Although captains simply record the number of deaths in their reports, it is clear that the cause of these deaths is cholera, a fatal disease that causes such damage to shipping in Europe. It’s possible that some passengers died from common illnesses, but there is no doubt that cholera raged on board many ships, and this is confirmed by the fact that out of the quarantined immigrants, 33 were ill with cholera. ”

This is not surprising, in a tweendeck with a length of about 45 m and a height of only 1,8 m, up to 500 people huddled throughout the voyage - dirty, exhausted from stuffiness, pitching, and bad food. We slept in bunks located in three tiers (this is at a height of 1,8 m tweendeck!). For every emigrant, there was no more than one and a half meters of living space.

Light hardly penetrated through the hatch in the upper deck, through this hatch came fresh air. But in stormy weather, the hatch was lifted up, and cries, supplications and curses were muffled in different languages ​​from the stuffy dark tweendek. No wonder the émigré vessels were called floating hell and floating coffins.

In 1874, Joseph Ballin passed away, and his youngest son, Albert, took a place in the agency. He was only 17. However, at 22 he had already become the head of the company. The flow of those wishing to leave the ocean, which had increased by that time, brought him a decent income. Having constant contacts with British and American businessmen, the young man improved not only his English, but also the skills of a businessman, manager and manager.

Ballin ordered the re-equipment of two cargo ships specifically for the transport of emigrants. This made it possible to improve swimming conditions and reduce the cost of tickets. The first ship with eighty immigrants on board left Hamburg on a flight to New York on June 7, 1881. Coal-powered steamers reduced travel time between Hamburg and New York to seven days. In 1883, there were already five such ships, and in a year they transported about 16 passengers across the Atlantic. In order not to drive the ships empty, commercial cargoes were delivered by return flights.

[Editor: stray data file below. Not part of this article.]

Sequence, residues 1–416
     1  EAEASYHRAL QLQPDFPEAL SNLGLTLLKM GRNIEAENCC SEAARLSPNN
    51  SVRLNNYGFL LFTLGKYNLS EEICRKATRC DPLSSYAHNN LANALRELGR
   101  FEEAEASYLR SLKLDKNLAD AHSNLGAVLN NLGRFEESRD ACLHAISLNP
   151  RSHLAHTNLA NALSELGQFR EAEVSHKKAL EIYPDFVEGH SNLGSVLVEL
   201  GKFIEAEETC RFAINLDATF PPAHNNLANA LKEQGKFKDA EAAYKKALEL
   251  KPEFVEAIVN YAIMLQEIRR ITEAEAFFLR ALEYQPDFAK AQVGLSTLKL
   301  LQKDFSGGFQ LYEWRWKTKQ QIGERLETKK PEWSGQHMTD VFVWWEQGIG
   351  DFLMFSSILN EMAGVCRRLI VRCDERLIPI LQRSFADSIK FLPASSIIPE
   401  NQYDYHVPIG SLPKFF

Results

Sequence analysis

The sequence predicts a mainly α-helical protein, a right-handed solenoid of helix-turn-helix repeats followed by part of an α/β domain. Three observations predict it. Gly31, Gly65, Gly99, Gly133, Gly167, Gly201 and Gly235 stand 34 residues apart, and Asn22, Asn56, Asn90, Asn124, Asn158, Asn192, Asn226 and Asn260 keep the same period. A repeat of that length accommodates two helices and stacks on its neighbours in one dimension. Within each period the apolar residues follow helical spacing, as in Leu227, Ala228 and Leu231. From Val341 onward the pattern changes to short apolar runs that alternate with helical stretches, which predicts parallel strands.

Having cooperated with another small company, Ballin began to reduce the price of a ticket to cross the North Atlantic and thereby put pressure on large shipping companies. Those, in turn, also reduced prices, losing a lot of money. Emigrants won first of all from such competition. In the end, the largest German shipping company Hamburg-Amerikanische Packetfahrt-Actien-Gesellschaft (HAPAG) admitted defeat in 1866. The rebellion of the shareholders led to a major restructuring at HAPAG, as a result of which Ballin was invited to lead her passenger division. Two years later, Ballin became a member of the HAPAG board of directors. He was only 31 years old.

In the same 1888, an even younger man began to rule Germany - Emperor Wilhelm II.